The only medical marijuana producer in Iowa claims it will fold if the state does not expand the list of qualifying conditions and permit higher doses.

MedPharm general manager Lucas Nelson reported that the firm sold 13,500 cannabis products and brought in revenue of $2 million in the first year of operations. However, he said it will not last another year if the current status quo is maintained.

Iowa first legalized cannabis with a THC content of less than 3% to treat intractable epilepsy in children in 2014. Gov. Terry Branstad signed into law an expanded Medical Cannabidiol Act in 2017, expanding the list of qualifying conditions to include cancer, chronic pain, multiple sclerosis, Crohn’s disease, Parkinson’s disease, severe autism, and a few others.

Yet Nelson wants to see post-traumatic stress disorder and Alzheimer’s added to the list, and for dispensaries to be able to offer larger doses. If the state does not act, dispensaries will not be able to grow and his firm will not last, he warned.

He is also concerned about developments in neighbouring Illinois. It recently added a number of qualifying conditions to its rapidly growing medical marijuana program, while recreational cannabis sales will begin on Jan. 1, 2020, and Nelson fears that Iowans will cross over the border and buy from Illinois dispensaries.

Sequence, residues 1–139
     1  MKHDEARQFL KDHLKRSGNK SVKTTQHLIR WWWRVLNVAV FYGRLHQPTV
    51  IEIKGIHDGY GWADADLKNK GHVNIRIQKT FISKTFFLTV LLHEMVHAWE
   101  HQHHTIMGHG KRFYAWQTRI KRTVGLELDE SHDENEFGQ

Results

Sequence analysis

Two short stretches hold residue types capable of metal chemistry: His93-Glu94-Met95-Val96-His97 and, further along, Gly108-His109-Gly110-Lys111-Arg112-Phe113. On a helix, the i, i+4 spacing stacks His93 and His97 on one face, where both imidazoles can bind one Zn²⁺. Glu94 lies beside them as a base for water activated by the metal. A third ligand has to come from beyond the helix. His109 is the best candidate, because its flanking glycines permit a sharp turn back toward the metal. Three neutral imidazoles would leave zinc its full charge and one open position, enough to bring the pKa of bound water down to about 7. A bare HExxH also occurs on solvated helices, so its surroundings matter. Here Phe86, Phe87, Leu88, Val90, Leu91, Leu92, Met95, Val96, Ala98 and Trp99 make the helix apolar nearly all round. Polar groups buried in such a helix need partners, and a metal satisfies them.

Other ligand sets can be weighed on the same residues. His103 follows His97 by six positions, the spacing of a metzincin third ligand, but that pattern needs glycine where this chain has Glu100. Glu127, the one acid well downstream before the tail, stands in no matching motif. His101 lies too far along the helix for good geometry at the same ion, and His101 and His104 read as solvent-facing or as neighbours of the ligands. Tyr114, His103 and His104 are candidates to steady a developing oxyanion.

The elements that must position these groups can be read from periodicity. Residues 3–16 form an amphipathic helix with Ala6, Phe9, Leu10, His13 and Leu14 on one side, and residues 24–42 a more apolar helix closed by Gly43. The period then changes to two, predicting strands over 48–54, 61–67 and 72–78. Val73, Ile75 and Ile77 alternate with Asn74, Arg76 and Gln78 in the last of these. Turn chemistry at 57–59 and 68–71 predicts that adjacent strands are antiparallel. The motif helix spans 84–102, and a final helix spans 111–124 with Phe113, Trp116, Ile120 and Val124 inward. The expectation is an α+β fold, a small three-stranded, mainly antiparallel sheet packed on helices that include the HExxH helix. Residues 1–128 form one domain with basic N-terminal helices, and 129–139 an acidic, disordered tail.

“I think there is no doubt that they will be going to Illinois to receive the medicine they need, so we’ve got to do something to make sure they stay here and not encourage our own citizens to break the law,” he said.

Branstad’s successor, Gov. Kim Reynolds, toured MedPharm’s facility this week to learn more about its operations. She refused to be pressured into endorsing a change to the state’s medical cannabis laws.

Reynolds said she would not base her policy decisions on developments in Illinois, and added that she wants the program to develop in a rational, safe, and compassionate manner. She also said she will continue to oppose the legalization of recreational marijuana, regardless of developments over the border.

In May, Reynolds vetoed legislation that sought to increase the potency of medical marijuana products permitted under state law by replacing the 3% THC cap with a new system allowing each patient 25 g of THC per 90-day period. Nelson argues that a higher dose of THC would be beneficial to patients and that the current legislation should change.